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Pterygium eye Illustration

Pterygium is a condition that shows up as a growth on the white part of your eyeball, called the sclera. The bump is elevated and shaped like a wedge. Pterygium is colloquially called surfer’s eye because the most common cause of the condition is glare from the sun that’s multiplied when you’re on the water.

Pterygium usually isn’t cancerous, but it can cause disfigurement. The white bumps also can lead to blurry vision and pain. If the pterygium is small enough and not causing you any major discomfort, your ophthalmologist may just treat it with lubricating drops and keep a close watch on its progression. If, however, it begins to affect your vision, appearance or comfort, pterygium surgery may be the best option.

All symptoms, potential procedural/surgical options should always be discussed with your physician after a thorough consultation and examination for an accurate diagnosis and treatment plan.

Patient undergoing eye surgery

Surgical Advancements

Previously, the surgery used to remove pterygium was called bare sclera because it left the whites of your eye open to reoccurrences. Regrowth used to occur in more than 50 percent of patients and very often the regrowth was bigger than the original bump. The latest techniques have reduced the rate of reoccurrence to anywhere from five to 40 percent, depending on how well you take care of your eyes following the pterygium surgery procedure.

Talk to your ophthalmologist about the various modern options available for surgery that have a much better chance of preventing regrowth or of doing even more damage to your eye. Most surgeries to remove pterygium typically take no more than about 30 minutes. The procedure is performed on an out-patient basis in your ophthalmologist’s office. You’re lightly sedated to help you relax, and your eye is totally numbed before the surgery. You won’t be able to see during the procedure.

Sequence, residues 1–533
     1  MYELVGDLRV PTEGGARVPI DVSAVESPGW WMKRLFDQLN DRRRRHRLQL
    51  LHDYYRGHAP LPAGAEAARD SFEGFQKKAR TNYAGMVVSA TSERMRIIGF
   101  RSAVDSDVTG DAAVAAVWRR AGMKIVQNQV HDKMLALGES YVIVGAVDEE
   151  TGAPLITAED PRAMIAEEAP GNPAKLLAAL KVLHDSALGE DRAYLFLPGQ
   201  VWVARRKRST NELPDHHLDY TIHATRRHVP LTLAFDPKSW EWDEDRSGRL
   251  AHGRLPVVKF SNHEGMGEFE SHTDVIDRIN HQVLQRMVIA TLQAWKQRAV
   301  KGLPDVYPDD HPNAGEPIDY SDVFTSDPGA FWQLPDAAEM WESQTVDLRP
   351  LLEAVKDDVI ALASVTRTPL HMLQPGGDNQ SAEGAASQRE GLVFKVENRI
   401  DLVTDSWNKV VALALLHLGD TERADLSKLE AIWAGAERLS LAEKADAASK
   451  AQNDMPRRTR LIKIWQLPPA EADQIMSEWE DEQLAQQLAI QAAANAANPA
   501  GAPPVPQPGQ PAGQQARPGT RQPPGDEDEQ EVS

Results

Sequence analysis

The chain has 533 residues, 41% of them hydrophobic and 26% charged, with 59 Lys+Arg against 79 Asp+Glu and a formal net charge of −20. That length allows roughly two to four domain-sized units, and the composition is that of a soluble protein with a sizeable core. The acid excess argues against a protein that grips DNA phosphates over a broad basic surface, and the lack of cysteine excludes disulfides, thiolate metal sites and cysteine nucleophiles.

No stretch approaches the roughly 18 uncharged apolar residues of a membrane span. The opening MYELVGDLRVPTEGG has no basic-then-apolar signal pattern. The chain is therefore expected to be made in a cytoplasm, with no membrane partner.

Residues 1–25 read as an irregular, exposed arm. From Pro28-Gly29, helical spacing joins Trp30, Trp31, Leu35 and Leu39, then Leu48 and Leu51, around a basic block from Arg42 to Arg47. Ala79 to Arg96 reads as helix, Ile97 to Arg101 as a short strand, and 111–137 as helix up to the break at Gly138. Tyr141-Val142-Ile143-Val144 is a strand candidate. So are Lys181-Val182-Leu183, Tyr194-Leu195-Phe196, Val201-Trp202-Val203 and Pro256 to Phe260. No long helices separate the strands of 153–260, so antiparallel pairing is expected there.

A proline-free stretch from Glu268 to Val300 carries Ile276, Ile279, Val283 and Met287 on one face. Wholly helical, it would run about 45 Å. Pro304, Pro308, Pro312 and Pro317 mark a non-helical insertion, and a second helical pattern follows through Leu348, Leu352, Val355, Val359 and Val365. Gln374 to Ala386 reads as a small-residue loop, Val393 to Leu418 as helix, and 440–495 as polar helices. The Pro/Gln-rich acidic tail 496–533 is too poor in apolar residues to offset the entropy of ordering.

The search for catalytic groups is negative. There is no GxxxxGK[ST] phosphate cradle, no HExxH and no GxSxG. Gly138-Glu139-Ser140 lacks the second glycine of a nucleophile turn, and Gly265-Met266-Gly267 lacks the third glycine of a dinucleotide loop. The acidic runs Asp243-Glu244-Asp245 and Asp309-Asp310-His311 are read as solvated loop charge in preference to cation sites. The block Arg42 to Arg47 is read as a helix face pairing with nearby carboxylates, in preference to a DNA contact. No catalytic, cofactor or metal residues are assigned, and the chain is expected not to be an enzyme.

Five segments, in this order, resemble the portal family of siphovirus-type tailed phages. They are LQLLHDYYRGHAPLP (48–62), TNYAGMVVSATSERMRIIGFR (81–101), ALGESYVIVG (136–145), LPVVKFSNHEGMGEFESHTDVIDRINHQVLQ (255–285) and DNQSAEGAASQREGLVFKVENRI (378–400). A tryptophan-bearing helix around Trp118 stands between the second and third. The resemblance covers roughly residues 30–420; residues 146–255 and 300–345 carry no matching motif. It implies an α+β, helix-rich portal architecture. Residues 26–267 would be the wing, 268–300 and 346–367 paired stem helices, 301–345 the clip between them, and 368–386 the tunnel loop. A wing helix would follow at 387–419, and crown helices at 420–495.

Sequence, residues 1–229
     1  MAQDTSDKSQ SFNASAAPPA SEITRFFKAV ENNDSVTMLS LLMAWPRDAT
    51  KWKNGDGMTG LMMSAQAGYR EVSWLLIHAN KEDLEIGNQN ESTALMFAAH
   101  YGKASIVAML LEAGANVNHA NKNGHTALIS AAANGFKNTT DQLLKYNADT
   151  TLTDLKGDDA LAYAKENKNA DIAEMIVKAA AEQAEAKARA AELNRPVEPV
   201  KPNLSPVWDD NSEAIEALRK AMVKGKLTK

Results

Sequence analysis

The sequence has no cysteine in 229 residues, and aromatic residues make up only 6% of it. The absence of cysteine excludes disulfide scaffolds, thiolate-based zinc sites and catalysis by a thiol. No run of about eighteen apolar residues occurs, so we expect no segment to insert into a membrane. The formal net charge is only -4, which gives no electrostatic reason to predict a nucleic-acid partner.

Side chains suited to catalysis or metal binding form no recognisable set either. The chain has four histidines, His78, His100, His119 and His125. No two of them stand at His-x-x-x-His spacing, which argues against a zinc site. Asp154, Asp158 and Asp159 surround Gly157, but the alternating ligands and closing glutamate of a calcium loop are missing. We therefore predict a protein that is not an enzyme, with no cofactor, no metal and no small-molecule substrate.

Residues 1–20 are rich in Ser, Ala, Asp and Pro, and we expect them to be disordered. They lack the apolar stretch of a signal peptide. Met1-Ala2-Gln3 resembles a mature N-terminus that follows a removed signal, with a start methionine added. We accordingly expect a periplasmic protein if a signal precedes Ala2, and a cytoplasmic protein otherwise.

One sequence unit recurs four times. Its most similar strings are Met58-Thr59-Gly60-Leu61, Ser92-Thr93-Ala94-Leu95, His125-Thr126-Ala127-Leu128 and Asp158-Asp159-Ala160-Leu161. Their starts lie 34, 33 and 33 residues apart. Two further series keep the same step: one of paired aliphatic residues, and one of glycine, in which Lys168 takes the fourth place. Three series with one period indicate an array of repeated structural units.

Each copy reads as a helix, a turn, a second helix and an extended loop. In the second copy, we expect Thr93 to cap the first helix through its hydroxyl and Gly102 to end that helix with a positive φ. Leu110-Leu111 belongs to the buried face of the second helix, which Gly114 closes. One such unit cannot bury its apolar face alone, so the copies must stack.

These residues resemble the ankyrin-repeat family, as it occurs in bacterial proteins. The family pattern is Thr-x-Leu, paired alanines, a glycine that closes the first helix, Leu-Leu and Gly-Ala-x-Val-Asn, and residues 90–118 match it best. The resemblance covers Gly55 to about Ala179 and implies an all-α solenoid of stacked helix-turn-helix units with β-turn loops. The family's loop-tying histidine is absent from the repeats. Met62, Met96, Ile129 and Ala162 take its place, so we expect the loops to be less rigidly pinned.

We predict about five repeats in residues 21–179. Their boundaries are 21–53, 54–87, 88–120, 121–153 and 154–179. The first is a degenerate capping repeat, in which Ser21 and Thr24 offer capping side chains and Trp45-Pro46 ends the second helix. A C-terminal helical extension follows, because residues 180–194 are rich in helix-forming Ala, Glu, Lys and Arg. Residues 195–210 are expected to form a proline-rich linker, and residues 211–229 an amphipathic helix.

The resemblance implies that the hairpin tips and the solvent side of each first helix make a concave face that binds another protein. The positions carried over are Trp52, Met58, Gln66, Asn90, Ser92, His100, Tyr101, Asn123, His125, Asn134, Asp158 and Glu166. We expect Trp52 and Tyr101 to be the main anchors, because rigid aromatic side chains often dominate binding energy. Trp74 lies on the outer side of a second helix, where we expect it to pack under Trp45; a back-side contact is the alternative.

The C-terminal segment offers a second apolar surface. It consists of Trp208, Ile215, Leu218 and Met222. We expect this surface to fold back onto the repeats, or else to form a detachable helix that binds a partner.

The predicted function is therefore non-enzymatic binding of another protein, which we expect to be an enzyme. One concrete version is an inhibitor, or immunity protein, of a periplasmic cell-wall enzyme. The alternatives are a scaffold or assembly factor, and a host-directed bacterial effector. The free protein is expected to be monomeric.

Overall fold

Stitches or No Stitches

Once the pterygium is removed, you don’t have the protection of the mucus membrane anymore. Your eye surgeon chooses one of two ways to attach a thin layer of skin taken from your upper eyelid to cover up the spot where the bump was located:

  • Tiny stitches may be used to hold the new skin in place. They dissolve within about two weeks but can be disconcerting and uncomfortable while they’re still present.
  • No-stick pterygium surgery requires less downtime and is far less painful. It relies on a special kind of glue to hold the new skin in place. This latest technique also reduces surgery time from 30 to closer to 15 minutes.
  • While stitches have been the gold standard in treating surfer’s eye and are more reliable, the glue used for the pterygium surgery is very expensive and sometimes difficult to obtain. At the same time, for cosmetic reasons, the best outcome usually occurs when no stitches are used.

A third approach, according to the American Academy of Ophthalmology, uses no stitches and no glue. Instead, the surgeon allows a small amount of blood to pool in your eye, over which he lays the new skin. By holding the skin in place with sutures for three to five minutes, the skin automatically attaches itself to your eye.

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Possible Complications

Though rare, you need to know that it’s possible that the surgical removal of the pterygium can lead to vision complications. Astigmatism, for example, is one of the most common side effects of the pterygium surgery.